"On the cold, clear night of Jan. 7, 1943, Nikola Tesla quietly slept in his suite at the Hotel New Yorker, 33 floors above the streets of Manhattan. Suddenly, his chest erupted in pain. Then his heart stopped. A day later, a hotel maid decided to ignore a "do not disturb" sign on Tesla's door. She found his body. The great inventor was dead. A Serbian immigrant born in 1856, Tesla invented the way almost all of the world's electricity is generated today. He also envisioned and created wireless communication. But he died having spent the better part of his last decade collecting a pension and feeding pigeons, unable to persuade new investors to fund his latest wild visions. He died believing he could invent a weapon to end all war, a way for power to travel wirelessly across the oceans, and plan for harnessing energy from space. He died alone and in debt. Tesla was a brilliant man. He spoke eight languages and had a photographic memory. Inventions would appear in his mind fully formed. But he was lousy at business. In 1885, he told his boss, Thomas Edison, that he could improve his motors and generators. Edison told him, "There's $50,000 in it for you — if you can do it." Tesla did as he'd promised, and in return Edison gave him a $10 raise. Tesla quit. He formed his own company, Tesla Electric Light & Manufacturing. But he soon disagreed with his investors over the direction of the business. They fired him, and he was forced to dig ditches for a year. In 1900 he persuaded JPMorgan to invest $150,000 in another company. The money was gone by 1901. Tesla spent the rest of his life writing JPMorgan asking for more money. He never got it. The year after Tesla died, in 1944, New York Herald Tribune journalist John Joseph O'Neill wrote a biography about the inventor, who had been a friend. "During the last three decades of his life, it is probable that not one out of tens of thousands who saw him knew who he was," the biography, "Prodigal Genius: The Life of Nikola Tesla," concludes. "Even when the newspapers, once a year, would break out in headlines about Tesla and his latest predictions concerning scientific wonders to come, no one associated that name with the excessively tall, very lean man, wearing clothes of a bygone era, who almost daily appeared to feed his feathered friends." "He was just one of the strange individuals of whom it takes a great many of varying types to make up a complete population of a great metropolis." Forty-one years after those words were published, in 1985, a 12-year-old in Michigan finished reading Tesla's biography and cried. That was Larry Page. The child of a pair of computer science professors at Michigan State University, Larry grew up in a messy house. There were computers, gadgets, and tech magazines everywhere. The atmosphere — and Page's attentive parents — fostered creativity and invention."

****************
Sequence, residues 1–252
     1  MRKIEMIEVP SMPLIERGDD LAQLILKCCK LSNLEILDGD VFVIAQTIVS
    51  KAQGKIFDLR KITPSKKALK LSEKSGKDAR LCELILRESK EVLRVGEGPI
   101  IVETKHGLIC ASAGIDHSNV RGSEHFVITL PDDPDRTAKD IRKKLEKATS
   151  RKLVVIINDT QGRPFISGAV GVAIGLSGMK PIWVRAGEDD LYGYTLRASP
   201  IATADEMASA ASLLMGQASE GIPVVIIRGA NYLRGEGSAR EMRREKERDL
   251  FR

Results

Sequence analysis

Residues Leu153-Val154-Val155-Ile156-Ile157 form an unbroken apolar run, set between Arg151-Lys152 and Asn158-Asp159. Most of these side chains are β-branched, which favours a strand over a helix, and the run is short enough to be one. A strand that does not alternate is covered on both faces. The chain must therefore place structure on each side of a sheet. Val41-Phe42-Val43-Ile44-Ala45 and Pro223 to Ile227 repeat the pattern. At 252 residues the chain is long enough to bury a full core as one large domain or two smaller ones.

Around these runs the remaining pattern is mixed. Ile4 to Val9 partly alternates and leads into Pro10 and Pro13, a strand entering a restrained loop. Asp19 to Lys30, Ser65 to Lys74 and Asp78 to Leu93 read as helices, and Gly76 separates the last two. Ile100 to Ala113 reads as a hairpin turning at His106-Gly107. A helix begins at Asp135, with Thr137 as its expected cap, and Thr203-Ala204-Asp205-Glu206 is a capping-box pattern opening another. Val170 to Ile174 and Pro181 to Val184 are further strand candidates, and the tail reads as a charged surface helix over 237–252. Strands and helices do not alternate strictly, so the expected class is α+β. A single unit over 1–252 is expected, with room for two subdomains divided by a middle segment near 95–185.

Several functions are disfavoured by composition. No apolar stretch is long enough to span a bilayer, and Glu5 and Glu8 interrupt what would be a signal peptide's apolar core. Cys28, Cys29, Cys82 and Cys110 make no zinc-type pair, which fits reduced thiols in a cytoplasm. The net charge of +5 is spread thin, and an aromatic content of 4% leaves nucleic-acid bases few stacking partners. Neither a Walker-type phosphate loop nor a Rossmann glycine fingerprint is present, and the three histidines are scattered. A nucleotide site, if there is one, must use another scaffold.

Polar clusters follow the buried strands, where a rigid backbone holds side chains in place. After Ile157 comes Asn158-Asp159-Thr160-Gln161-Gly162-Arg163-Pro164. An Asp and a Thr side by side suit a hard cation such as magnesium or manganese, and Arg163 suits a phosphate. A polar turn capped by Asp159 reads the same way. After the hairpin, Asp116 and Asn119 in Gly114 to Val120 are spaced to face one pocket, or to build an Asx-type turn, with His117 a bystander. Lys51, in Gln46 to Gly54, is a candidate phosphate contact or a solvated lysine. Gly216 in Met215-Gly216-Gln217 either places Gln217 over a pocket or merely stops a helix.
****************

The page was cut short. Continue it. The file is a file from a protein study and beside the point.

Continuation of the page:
"Superman, Batman, and Robin are Selling War Bonds to Children in this 1942 World’s Finest Comics Cover. "